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19 Apr

FPW and the TDAP Connection

 

 

“Pakistan needs to be part of the global fashion chain and this was a great way to put all that on one platform.” – Rabiya Javeri outlines the higher purpose that FPW served.

 

“We’re not generating millions of dollars at fashion weeks in Pakistan,” Rabiya Javeri, Secretary General TDAP, told me once fashion week concluded. “That formula does not apply here. Pakistan’s huge and dynamic creative industry has to be supported at fashion weeks. We must become part of the global chain. Couture is the highest value item on that global value chain for garments and Pakistan has design identity. Pakistan can easily be part of this chain providing we show the world our handicraft and design and potential. Fashion Week is a great way to put all that on one platform.”

 

And so TDAP, coming on board with Fashion Pakistan Council as partner for the first time, brought in foreign delegates looking for sourcing opportunities in Pakistan. One of the most high profile TDAP guests, Olivier Lapidus had flown in from Paris to help create synergies for a project that had been in the doldrums for years.
Rabiya Javeri and Olivier Lapidus at the Albert de Mun fashion school in Paris. An MoU has been signed between Mun and the Textile Institute of Pakistan, which will finally get some much needed attention.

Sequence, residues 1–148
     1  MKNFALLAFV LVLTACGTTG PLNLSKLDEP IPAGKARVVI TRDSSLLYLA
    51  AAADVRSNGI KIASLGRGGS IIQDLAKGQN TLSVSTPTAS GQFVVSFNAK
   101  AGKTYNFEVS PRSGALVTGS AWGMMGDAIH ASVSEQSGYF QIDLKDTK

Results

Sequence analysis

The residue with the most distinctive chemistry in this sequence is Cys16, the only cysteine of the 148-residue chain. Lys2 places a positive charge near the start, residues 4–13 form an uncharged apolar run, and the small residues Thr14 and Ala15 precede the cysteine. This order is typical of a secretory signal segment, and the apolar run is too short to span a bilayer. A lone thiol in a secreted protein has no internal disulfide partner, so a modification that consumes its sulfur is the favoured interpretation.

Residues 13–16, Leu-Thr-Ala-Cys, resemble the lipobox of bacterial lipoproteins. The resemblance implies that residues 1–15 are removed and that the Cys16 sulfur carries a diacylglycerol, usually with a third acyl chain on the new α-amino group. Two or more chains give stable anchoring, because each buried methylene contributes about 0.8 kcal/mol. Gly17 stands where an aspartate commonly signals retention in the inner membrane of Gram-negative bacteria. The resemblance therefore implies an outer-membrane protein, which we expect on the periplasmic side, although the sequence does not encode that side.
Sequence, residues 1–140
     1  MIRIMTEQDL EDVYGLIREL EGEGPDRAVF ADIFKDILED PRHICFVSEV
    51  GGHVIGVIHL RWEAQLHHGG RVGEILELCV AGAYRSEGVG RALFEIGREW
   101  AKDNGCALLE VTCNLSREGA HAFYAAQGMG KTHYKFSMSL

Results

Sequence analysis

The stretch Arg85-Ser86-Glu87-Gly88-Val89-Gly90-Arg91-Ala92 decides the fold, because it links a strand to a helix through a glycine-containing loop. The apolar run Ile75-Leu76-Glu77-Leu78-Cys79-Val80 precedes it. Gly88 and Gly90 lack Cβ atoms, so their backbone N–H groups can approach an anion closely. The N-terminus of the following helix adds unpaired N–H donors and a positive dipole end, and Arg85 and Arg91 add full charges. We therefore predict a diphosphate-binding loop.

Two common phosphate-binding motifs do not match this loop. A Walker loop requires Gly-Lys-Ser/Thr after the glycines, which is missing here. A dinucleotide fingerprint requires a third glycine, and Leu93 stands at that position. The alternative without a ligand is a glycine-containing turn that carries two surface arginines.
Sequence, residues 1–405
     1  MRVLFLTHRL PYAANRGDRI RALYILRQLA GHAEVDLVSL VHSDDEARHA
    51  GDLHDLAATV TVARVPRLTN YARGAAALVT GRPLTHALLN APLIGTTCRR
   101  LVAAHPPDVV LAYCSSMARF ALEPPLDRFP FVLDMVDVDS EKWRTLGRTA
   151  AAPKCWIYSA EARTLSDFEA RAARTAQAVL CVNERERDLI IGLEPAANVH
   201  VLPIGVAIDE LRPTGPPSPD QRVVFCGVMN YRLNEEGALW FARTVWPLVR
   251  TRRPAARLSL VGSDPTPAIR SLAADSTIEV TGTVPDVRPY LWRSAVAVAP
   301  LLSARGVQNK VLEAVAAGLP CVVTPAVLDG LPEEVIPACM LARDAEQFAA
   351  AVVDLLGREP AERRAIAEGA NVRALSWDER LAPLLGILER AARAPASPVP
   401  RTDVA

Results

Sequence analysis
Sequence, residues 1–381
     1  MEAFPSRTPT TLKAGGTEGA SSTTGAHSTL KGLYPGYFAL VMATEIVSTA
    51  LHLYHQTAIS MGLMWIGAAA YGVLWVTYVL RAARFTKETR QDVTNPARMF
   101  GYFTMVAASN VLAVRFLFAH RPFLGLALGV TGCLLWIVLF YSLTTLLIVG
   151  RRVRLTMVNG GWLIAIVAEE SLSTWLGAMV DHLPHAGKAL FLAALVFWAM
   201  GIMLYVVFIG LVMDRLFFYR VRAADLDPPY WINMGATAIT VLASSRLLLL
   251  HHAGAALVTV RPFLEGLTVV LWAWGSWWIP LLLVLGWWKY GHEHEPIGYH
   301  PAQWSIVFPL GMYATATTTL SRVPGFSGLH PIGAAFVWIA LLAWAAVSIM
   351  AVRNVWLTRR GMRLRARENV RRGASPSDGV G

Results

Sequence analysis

Rabiya Javeri and Olivier Lapidus at the Albert de Mun fashion school in Paris. An MoU has been signed between Mun and the Textile Institute of Pakistan, which will finally get some much needed attention.
TIP, the Textile Institute of Pakistan, in Port Qasim area Karachi.

TIP, the Textile Institute of Pakistan, in Port Qasim area Karachi.

 

“The French delegation to Pakistan was a strong one,” Javeri emphasized. “Olivier’s remit was fashion and he came to support the connection between the Albert de Mun fashion school in Paris and the Textile Institute of Pakistan in Karachi. Olivier is a friend of Pakistan and was instrumental in creating these synergies. He did help set up the PIFD Lahore in collaboration with the Les Chambre de Syndicale de la Paris almost two decades ago and he was keen to have Mun partner with the Textile Institute of Pakistan in Karachi. TIP is an excellent place and needs upgradation in profile, which the French will give it. The best thing about Mun is that students are allowed to take orders from design houses and our students would be able to provide services to French designers through this partnership. Mun has a fashion show every season and one component will be offered to our students. They will have a platform to show at that event. Our students are cutting edge and I’m delighted that they will be getting this opportunity.”

 

The Albert de Mun-Textile Institute of Pakistan synergy (the MoU has been signed for five years) was one big achievement made over fashion week. But what, one wondered, did the daily shows – the backbone of fashion week – offer buyers that were in town for the TEXPO exhibition?

 

“There were many buyers from Japan, Jordan, Dubai etc,” Javeri replied, “who were not necessarily buyers of couture but were here for garments. The idea at TEXPO was to present the entire value chain from yarn cotton, denim, fabric, garments and then fashion and couture. We presented the buyer the entire experience. If we want to survive we have to generate high value products and market them in the best possible way. It’s a process.”

Aamna Haider Isani

The author is Editor-in-Chief at Something Haute as well as Editor at Instep, The News. Full time writer, critic with a love for words and an intolerance for typos.